Eating foods that contain even a small amount of nicotine, such as peppers, may reduce the risk for Parkinson's disease (PD), new research hints.
Peppers are in the same botanical family as tobacco — the Solanaceae family. In a population-based study, researchers found that increasing consumption of edible forms of Solanaceae plants was associated with a lower risk of developing PD, with peppers displaying the strongest association.
"If our results are confirmed in similar studies, and we also learn more about why peppers might be protective, then the research may be of particular interest to people who want to eat foods that might benefit their health, especially people without PD already," Susan Searles Nielsen, PhD, who led the study, told Medscape Medical News.
"We weren't able to explore whether peppers or other foods slow progression of the disease once you have it, although research to address that question might be a natural extension," added Dr. Searles Nielsen, research scientist in the Department of Environmental and Occupational Health Sciences, University of Washington, Seattle.
The study was published online May 9 in Annals of Neurology
Consistent Inverse Association With Tobacco
Research has consistently shown an inverse association between PD and tobacco use, with people who have ever regularly smoked cigarettes less likely to develop PD than others. Some animal studies indicate that nicotine might help protect neurons. "However, it's unclear whether nicotine or something else in tobacco is actually protective, or whether people predisposed to PD simply don't respond well to tobacco smoke and therefore avoid it," Dr. Searles Nielsen explained.
"A few studies suggest that secondhand smoke might be associated with a reduced risk of PD, so that prompted us to look at another source of a relatively small amount of nicotine — foods in the same plant family as tobacco," she added.
The researchers assessed whether nicotine from edible Solanaceae influences risk for PD in 490 adults with newly diagnosed PD and 644 unrelated, neurologically healthy controls. They used questionnaires to assess participants' lifetime diets and tobacco use.
They report that PD was inversely associated with consumption of all edible Solanaceae combined (relative risk [RR], 0.81; 95% confidence interval [CI], 0.65 - 1.01), but not consumption of all other vegetables combined (RR, 1.00; 95% CI, 0.92 - 1.10).
They found that the trend "strengthened" when they weighted edible Solanaceae by nicotine concentration (P for trend = .004).
An inverse association was also evident for peppers specifically (P for trend = .005). Eating peppers 2 to 4 times per week was "consistently" associated with a 30% reduction in risk for PD (RR, 0.70; 95% CI, 0.50 to 1.00), the researchers report.
The potentially protective effect of peppers was mainly in people who had little or no prior tobacco use, which is "intriguing," Dr. Searles Nielsen said. "That is where you would expect to see the clearest association if something in both tobacco and peppers, such as nicotine, is protective."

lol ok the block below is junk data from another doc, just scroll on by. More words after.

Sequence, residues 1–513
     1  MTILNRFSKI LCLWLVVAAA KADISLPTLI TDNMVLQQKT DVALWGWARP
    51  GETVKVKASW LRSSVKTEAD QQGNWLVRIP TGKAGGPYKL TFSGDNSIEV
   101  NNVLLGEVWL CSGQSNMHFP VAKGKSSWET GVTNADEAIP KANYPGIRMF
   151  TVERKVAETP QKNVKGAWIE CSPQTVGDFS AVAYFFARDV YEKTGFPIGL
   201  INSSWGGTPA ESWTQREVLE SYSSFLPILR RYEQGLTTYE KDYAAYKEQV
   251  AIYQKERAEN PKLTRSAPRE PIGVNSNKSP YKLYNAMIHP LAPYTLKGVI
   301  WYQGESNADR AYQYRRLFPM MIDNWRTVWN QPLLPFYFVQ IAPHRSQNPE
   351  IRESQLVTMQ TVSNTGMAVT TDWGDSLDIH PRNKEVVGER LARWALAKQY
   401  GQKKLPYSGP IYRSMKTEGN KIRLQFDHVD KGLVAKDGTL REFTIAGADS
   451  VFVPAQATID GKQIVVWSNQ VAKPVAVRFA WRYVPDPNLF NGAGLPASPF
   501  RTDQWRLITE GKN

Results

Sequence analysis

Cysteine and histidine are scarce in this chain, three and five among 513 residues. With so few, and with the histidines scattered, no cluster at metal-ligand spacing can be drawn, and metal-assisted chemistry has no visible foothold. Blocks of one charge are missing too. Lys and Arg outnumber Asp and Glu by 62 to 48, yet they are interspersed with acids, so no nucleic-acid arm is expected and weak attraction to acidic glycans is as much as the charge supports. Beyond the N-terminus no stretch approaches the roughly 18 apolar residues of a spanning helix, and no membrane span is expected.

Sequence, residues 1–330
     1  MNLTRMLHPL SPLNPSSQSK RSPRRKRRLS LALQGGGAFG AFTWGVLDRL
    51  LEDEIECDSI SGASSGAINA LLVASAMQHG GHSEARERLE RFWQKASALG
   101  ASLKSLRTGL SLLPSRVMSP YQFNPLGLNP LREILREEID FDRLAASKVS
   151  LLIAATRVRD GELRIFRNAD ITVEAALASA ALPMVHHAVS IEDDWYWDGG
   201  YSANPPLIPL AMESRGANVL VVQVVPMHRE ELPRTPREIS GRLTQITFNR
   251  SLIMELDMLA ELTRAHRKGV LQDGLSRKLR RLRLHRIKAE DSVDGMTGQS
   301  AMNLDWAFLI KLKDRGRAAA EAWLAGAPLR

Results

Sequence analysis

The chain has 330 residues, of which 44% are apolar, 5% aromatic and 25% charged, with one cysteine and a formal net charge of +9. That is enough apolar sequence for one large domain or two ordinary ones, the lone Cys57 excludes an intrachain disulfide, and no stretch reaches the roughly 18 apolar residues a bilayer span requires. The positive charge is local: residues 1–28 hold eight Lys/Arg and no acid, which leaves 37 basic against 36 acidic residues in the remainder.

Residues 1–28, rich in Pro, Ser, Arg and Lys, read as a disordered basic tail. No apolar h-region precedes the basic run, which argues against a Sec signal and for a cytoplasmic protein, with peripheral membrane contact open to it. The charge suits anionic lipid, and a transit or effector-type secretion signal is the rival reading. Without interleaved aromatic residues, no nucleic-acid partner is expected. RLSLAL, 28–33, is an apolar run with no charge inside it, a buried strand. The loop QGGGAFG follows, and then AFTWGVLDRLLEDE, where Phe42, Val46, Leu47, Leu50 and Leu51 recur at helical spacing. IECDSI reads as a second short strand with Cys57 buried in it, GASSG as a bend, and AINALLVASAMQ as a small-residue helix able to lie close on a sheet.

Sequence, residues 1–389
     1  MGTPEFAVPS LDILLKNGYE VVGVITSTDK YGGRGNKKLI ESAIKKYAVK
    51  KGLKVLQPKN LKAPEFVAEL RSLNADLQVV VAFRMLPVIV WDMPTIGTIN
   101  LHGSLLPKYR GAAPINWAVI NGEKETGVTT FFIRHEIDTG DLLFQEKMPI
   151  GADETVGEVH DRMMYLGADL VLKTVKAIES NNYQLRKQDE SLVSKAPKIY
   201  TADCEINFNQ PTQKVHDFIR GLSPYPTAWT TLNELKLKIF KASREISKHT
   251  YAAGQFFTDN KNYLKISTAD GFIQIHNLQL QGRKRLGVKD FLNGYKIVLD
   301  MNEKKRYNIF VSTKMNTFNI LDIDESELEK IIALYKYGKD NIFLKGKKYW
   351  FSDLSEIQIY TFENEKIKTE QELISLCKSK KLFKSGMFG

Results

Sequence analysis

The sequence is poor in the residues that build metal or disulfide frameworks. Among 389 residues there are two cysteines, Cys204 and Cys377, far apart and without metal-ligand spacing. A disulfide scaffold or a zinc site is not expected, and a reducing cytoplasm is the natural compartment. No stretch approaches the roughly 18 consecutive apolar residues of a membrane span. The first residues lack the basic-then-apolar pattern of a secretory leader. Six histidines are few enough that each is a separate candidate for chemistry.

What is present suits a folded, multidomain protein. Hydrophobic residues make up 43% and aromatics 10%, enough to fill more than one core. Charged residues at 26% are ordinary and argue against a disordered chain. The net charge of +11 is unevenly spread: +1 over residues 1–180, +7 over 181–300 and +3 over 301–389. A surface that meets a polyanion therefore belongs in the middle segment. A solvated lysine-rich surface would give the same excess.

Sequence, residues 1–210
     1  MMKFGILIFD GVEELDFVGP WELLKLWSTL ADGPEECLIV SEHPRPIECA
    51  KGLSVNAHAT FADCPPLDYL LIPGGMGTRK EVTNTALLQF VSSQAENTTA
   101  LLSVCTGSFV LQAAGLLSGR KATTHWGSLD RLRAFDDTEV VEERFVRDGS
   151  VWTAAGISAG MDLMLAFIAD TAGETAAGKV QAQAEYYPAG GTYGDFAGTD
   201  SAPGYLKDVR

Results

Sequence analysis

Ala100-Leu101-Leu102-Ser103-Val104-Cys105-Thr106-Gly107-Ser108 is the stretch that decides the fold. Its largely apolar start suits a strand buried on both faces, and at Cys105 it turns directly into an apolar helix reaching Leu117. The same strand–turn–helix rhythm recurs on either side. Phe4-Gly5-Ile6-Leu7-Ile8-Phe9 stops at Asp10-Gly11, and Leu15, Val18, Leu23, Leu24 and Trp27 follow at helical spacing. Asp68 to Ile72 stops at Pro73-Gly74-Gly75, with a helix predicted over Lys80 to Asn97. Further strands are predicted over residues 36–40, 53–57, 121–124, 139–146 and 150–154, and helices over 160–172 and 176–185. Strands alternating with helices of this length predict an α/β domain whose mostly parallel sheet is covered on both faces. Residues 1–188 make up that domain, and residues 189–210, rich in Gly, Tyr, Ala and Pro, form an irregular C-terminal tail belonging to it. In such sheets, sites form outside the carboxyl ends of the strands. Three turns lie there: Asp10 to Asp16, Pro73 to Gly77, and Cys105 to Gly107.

"This lends strength to our findings, along with our observations that the association grew stronger with greater consumption of peppers and that there was no association between PD and eating vegetables outside this plant family. However, more research is needed to fully understand whether eating peppers might help prevent PD," Dr. Searles Nielsen said.
Novel Approach, New Evidence
The observation that smokers have a lower risk for PD has been "consistently reported in more than 60 epidemiological studies," Honglei Chen, MD, PhD, from the National Institute of Environmental Health Sciences, Research Triangle Park, North Carolina, who wasn't involved in the study, told Medscape Medical News.
"All previous studies on this topic have focused on analysis of smoking behaviors, while this study took a very different and novel approach by examining nicotine from diet in relation to Parkinson risk. Although this study did not settle the controversies regarding smoking and PD, it offers new evidence that supports a causal explanation," Dr. Chen said.
He cautioned, however, that this is a "preliminary finding that needs to be replicated, particularly from prospective studies that assess dietary habit before PD diagnosis.
"This study, however, is an excellent example of a novel approach for studying the relationship between smoking and PD. Further, if this finding could be confirmed, it adds to the health benefits of eating tomatoes and green peppers," Dr. Chen said.
The study was sponsored in part by the University of Washington Superfund Research Program and the National Institute of Environmental Health Sciences. The authors and Dr. Chen have disclosed no relevant financial relationships.
Ann Neurol. Published online May 9, 2013. Abstract
Medscape Medical News © 2013 WebMD, LLC
Send comments and news tips to firstname.lastname@example.org.